Ovarian cancer-derived organoid models for experimental and preclinical studies
Scope of the method
- Human health
- Basic Research
- Translational - Applied Research
- In vitro - Ex vivo
- Human derived cells / tissues / organs
- Preclinical study models
- drug screening
- High-grade serous ovarian cancer
- Disease modeling
- Ovarian cancer
- Experimental model
- Preclinical model
- Organoid biobank.
We have established organoid cultures from patient-derived ovarian cancer (OC), in particular from the most prevalent high-grade serous ovarian cancer (HGSOC). Testing multiple culture medium components identified neuregulin-1 (NRG1) as key factor in maximizing OC organoid development and growth, although overall derivation efficiency remained moderate (36% for HGSOC patients, 44% for all patients together). Established organoid lines showed patient tumor-dependent morphology and disease characteristics, and recapitulated the parent tumor's marker expression and mutational landscape. Moreover, the organoids displayed tumor-specific sensitivity to clinical HGSOC chemotherapeutic drugs. Patient-derived OC organoids provide powerful tools for the study of the cancer's pathobiology (such as importance of the NRG1/ERBB pathway) as well as advanced preclinical tools for (personalized) drug screening and discovery.
- - Cell incubator ;
- - Biosafety cabinet ;
- - Cell culture ;
- - Epifluorescence ;
- - Confocal microscopes.
- Published in peer reviewed journal
Pros, cons & Future potential
- - Established epithelial OC-derived organoids capture disease cellular characteristics and molecular phenotype.
- - Epithelial OC-derived organoids are amenable to drug screening and show differential sensitivity of individual patient organoid lines to the chemotherapeutic agents tested.
- - Organoids are state-of-the-art research models that bridge the gap between bench and bedside, more reliably than animal models do, and may thus in the future gradually substitute for the latter.
Typical organoids reproduce the epithelial compartment of a (diseased) tissue. Hence, more advanced models, also incorporating other cells (such as stromal, endothelial and immune cells), are still needed to fully replicate the original tissue.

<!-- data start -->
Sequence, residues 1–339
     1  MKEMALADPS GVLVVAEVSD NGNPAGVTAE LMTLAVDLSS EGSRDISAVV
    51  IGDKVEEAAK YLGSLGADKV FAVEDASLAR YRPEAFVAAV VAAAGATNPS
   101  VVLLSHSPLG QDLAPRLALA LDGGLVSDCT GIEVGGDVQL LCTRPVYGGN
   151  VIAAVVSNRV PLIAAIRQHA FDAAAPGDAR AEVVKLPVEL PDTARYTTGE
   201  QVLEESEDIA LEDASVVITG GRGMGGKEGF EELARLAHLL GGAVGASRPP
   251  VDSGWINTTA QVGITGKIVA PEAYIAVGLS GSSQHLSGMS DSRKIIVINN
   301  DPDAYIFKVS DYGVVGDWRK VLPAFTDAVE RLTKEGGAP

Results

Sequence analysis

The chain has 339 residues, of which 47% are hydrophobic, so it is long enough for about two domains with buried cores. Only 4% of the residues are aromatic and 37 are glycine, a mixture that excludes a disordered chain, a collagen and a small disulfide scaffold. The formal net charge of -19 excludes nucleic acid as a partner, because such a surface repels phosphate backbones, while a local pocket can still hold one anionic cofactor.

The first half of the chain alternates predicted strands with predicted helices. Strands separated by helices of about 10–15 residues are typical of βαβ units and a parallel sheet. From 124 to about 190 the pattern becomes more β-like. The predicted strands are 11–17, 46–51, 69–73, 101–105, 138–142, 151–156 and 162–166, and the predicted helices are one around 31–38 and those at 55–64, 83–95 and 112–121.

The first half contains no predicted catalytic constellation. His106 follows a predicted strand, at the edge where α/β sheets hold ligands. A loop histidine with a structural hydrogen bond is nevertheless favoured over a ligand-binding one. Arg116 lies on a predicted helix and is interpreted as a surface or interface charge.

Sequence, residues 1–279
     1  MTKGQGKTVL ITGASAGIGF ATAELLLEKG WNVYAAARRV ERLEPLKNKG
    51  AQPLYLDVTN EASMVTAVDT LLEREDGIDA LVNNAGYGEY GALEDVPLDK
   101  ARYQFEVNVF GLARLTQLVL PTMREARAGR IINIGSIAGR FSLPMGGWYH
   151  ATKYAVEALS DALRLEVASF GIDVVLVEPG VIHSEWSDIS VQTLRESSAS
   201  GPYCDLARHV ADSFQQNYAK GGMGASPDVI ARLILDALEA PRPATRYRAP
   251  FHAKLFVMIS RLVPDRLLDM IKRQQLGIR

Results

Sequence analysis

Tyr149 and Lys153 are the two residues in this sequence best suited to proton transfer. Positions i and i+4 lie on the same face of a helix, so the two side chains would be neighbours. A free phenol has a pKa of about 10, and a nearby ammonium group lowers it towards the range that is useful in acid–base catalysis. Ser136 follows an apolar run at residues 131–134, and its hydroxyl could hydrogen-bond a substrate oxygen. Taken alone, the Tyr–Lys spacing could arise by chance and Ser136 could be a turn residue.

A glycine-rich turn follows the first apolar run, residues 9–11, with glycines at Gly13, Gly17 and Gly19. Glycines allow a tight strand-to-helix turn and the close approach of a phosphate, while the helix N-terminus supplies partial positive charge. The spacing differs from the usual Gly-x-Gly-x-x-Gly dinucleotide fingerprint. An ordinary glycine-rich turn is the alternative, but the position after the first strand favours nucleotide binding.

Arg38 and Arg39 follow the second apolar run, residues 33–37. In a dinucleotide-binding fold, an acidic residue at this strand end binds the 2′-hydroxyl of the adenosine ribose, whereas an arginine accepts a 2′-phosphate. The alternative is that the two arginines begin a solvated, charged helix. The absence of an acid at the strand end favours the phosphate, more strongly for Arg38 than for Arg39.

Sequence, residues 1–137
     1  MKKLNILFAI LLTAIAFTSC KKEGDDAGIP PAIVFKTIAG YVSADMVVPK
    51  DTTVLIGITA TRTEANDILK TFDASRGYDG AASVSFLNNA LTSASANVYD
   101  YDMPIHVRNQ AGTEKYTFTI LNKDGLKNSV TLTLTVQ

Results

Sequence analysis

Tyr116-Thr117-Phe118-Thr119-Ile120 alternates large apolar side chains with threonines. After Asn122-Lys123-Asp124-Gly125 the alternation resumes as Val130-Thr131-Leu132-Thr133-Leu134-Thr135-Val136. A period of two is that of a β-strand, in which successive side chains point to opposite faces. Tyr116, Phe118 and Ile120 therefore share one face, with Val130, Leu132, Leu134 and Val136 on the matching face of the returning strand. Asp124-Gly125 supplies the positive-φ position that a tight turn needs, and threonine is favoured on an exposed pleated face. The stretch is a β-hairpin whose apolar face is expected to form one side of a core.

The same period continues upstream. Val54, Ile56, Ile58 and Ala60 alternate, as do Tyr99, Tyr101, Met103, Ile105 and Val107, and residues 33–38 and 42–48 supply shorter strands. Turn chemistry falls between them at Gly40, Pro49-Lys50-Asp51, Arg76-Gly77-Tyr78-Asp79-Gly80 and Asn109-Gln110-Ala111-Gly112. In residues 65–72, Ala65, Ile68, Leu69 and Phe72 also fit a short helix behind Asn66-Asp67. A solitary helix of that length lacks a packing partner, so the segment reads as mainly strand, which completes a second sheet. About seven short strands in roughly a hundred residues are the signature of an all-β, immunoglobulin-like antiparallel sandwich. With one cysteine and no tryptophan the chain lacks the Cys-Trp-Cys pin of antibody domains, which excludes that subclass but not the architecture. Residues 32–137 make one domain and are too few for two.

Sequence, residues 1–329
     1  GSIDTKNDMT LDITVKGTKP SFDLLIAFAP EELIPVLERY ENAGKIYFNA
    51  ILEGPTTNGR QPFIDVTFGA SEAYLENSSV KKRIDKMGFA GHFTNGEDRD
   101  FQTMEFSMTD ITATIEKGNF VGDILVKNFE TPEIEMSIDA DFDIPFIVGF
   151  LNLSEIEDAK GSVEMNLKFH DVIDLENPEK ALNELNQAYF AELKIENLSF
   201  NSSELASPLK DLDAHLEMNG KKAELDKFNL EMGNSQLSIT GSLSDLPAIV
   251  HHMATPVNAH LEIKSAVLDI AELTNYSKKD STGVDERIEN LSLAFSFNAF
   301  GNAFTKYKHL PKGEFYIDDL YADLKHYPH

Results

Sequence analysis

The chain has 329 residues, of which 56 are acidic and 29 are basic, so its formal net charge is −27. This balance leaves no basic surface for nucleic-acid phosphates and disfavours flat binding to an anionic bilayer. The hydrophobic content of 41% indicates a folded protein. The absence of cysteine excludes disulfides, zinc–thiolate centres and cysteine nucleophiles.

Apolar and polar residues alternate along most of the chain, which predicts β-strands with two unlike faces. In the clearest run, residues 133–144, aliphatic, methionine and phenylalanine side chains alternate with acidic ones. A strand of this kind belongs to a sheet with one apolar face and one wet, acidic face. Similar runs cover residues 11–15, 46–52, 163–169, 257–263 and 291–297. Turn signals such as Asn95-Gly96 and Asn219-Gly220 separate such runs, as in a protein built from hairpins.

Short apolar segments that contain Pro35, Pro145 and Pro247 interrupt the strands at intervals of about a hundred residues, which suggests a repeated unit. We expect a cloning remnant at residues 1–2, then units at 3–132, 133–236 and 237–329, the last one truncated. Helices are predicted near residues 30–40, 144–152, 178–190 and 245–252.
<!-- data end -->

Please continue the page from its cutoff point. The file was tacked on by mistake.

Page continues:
More studies are required to enhance the derivation efficiency (as is also true for other cancer-derived organoids). Developing more complex organoid models containing the different cell types of a tissue.
- - Epithelial OC organoid models can be highly instrumental in moving into the field of immunotherapy (e.g., using CAR-T and natural killer cells).
- - Since organoids are typically composed of the epithelial compartment of the original tissue, further perfecting the model by adding stromal and immune components of the tumor/tissue microenvironment will eventually be needed to reach the organoid model's full potential.
- - Strong potential as an experimental and preclinical research model, and in particular as impetus to revive NRG1/ERBB research in OC, which may eventually identify response-predictive biomarkers, assist in clinical decision making, and provide personalized therapeutic options, particularly for patients in whom standard clinical routes have been exhausted.
References, associated documents and other information
Maenhoudt N., Defraye C., Boretto M., Jan Z., Heremans R., Boeckx B., Hermans F., Arijs I., Cox B., Van Nieuwenhuysen E., Vergote I., Van Rompuy A., Lambrechts D., Timmerman D., Vankelecom H. Developing Organoids from Ovarian Cancer as Experimental and Preclinical Models Stem Cell Reports, Vol. 14, 717–729, (2020) https://doi.org/10.1016/j.stemcr.2020.03.004
Boretto, M., Maenhoudt, N., Luo, X. et al. Patient-derived organoids from endometrial disease capture clinical heterogeneity and are amenable to drug screening. Nat Cell Biol 21, 1041–1051 (2019). https://doi.org/10.1038/s41556-019-0360-z
Boretto M., Cox B., Noben M.l, Hendriks N., Fassbender A., Roose H., Amant F., Timmerman D., Tomassetti C., Vanhie A., Meuleman C., Ferrante M., Vankelecom H. Development of organoids from mouse and human endometrium showing endometrial epithelium physiology and long-term expandability. Development (2017) 144, 1775-1786 doi:10.1242/dev.148478
Contact personHugo Vankelecom
Development and Regeneration